All were well rested upon returning them to the water watching them swim away to make sure they were ok but when the last one was about a rod length out I notice it swim nonchalantly past the nose of a large Pike. The predator must have been attracted by the endless commotion but obviously decided this one was too large for a meal. However when the next fish I hooked was a three pound Chub it sprang into action grabbing the unfortunate fish broadside. It had admiral determination and hung on for dear life as it battled me for its supper. I thought it would let go when it saw the net but it didn't and I ended up landing both! Finally in the net it released the Chub. I left the Pike in the net while the Chub was unhooked but it thrashed about and managed to escape before I could take a unique photo. A really long but scrawny specimen that would have weighed well into double figures, something else to target come the Winter. The Chub had been through enough so I released it straight away, missing a few scales but it should hopefully survive its ordeal.
I had one last cast, hooked a better Barbel but sadly the hook pulled denying me the icing on the cake but I still went home(actually to the pub) with a smile on my face.

Sunday, 12 July 2015

Chub Saves Blank

Restricted this weekend to a short morning session so ventured to a new section of river I have a ticket for this season. Baited up a likely looking spot hoping for a Barbel but it was not to be. The blank was saved however when a 4lb 2oz Chub took the pellet bait. It put up a really good battle powerfully diving for cover under the willow to the left and then twice into the cabbages at my feet but the stout tackle held firm and in the end it succumbed to the pressure. Best so far this season but it is still early, they are nowhere near prime condition yet. Would like to meet it again in Winter.
Also had a 6oz Roach.

Thursday, 9 July 2015

Nice to make your acquaintance again, Tommy.

Another beautiful Summer evening and what better way to spend it than on the bank of the stunning Warwickshire Avon.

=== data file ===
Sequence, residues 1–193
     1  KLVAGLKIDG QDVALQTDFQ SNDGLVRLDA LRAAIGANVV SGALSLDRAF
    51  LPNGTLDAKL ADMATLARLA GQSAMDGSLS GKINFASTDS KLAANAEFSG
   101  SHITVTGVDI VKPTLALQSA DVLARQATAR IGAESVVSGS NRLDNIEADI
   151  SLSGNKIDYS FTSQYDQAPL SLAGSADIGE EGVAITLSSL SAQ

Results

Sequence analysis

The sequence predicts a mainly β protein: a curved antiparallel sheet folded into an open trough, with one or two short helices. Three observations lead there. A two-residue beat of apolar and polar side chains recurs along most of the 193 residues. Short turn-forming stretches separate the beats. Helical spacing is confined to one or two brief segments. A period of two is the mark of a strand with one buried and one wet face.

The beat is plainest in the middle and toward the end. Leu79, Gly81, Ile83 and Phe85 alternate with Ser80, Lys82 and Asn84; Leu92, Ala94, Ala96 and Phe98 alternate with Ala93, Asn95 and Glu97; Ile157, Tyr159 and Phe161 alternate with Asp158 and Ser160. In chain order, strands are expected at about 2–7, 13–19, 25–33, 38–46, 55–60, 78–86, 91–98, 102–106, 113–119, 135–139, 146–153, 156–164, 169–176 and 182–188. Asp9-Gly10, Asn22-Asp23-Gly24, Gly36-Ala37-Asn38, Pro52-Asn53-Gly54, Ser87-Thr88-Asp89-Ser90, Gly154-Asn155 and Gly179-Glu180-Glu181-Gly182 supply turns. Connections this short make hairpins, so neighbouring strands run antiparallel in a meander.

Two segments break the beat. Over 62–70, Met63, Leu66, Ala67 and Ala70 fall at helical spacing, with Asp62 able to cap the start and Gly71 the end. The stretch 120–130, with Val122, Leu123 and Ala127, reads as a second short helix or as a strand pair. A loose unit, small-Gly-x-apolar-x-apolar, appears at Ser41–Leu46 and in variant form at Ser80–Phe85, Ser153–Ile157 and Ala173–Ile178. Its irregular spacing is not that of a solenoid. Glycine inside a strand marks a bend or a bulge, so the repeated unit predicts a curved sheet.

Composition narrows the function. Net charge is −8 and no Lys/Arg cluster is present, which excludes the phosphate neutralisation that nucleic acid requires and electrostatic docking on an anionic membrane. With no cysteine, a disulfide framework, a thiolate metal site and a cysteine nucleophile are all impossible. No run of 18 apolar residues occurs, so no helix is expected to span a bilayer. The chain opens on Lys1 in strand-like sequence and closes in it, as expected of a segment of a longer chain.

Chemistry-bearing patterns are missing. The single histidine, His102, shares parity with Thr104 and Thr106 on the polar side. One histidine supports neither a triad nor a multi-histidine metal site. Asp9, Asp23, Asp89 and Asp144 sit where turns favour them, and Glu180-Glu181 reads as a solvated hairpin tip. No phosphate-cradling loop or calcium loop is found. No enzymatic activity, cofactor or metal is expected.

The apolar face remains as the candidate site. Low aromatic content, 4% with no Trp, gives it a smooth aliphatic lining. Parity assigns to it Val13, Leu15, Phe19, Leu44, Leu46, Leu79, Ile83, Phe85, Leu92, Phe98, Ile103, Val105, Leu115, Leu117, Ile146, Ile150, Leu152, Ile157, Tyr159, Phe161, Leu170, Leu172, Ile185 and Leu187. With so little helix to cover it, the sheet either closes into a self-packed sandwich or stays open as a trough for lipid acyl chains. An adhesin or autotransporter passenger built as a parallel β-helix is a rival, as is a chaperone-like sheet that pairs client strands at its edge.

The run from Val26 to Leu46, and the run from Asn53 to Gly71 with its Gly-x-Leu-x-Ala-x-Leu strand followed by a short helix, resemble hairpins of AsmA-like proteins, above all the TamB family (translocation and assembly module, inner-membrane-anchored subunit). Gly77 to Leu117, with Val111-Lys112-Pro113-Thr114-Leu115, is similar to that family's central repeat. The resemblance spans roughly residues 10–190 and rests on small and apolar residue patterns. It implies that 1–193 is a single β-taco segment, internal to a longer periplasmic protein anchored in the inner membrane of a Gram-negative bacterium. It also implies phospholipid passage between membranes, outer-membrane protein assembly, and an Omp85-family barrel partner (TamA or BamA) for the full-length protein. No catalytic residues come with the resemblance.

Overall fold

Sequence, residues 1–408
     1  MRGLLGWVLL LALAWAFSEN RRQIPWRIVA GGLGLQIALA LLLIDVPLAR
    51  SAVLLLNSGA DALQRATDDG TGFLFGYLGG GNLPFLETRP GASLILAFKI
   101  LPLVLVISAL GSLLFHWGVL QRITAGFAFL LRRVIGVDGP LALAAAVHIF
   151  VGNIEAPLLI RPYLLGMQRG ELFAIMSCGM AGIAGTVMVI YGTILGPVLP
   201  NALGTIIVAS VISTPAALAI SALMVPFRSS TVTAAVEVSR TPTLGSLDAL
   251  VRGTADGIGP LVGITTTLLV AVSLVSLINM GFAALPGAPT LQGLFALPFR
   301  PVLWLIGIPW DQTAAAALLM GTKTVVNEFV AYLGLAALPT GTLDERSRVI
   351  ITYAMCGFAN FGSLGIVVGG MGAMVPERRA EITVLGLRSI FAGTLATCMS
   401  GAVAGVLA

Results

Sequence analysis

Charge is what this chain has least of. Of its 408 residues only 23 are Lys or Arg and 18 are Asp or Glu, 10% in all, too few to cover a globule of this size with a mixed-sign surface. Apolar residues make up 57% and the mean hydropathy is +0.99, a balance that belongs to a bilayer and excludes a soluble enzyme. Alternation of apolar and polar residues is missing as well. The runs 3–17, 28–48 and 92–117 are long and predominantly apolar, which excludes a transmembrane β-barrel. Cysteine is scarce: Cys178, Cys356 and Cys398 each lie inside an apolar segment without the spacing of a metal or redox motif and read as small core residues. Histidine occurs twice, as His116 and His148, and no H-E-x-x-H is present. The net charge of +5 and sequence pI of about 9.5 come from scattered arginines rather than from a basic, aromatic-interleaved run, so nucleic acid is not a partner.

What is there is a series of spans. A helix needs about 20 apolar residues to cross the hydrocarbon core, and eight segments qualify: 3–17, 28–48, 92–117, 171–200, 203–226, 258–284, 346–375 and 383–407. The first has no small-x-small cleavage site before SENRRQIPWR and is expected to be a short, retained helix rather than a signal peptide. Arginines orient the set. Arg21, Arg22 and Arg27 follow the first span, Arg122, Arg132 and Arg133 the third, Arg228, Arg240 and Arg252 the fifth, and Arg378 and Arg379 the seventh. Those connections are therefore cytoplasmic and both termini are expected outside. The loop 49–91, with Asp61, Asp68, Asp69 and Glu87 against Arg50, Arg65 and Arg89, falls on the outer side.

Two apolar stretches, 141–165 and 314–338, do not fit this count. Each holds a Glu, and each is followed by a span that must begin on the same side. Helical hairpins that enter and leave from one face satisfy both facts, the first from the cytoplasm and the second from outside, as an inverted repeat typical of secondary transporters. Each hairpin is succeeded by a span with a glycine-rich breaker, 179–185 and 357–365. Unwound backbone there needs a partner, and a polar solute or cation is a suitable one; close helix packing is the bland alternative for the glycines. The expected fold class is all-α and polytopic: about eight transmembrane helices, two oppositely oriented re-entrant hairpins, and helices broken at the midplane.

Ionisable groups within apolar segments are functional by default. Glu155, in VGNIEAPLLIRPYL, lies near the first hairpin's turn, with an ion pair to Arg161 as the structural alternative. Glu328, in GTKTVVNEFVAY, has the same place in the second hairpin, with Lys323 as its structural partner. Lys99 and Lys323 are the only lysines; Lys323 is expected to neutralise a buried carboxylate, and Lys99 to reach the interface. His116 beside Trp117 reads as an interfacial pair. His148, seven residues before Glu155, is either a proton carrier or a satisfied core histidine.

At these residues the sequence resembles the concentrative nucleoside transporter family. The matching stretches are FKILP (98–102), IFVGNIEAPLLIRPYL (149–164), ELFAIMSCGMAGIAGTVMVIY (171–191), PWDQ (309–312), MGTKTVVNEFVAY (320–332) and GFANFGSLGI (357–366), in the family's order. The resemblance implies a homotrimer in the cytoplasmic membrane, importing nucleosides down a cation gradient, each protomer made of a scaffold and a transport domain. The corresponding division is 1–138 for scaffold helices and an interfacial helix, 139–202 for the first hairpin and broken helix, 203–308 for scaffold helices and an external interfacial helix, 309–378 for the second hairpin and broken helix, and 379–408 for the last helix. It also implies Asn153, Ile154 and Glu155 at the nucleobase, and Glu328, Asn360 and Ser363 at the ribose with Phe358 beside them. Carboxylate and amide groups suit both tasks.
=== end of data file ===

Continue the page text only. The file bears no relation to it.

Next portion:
I started the session with two targets in mind, a pellet rod for Barbel and a swimfeeder full of chopped worm for Tench. The area I had chosen has previous form for Tincas, a slow flowing deep swim where they have graced my net before. It is also reputed to be a good spot for Barbel, not prolific but capable of a monster. Sadly I landed neither but it was still a fish-filled busy evening as Perch after Perch mingled in with the odd skimmer were hooked and landed, nothing big but that's not to say I wasn't enjoying myself.
It is 30 years ago almost to the day that I first cast a line on a cold day by the Yorkshire Derwent. 

The only fish I or anyone caught that day was a diminutive Tommy Ruffe and amazingly I have not caught one since. 
As the light began to fail I hooked what I thought was another small Perch but as I swung it in the realisation hit me, this was no Perch but a fish that had eluded me for three decades. My second ever Tommy Ruffe. 

To be honest I was so pleased to make its acquaintance that the camera came out when it had stayed in the bag for all the other fish that evening. I carefully put it back thinking that if it did ever grace the bank again the lucky captor could never be as pleased as I was to land it!!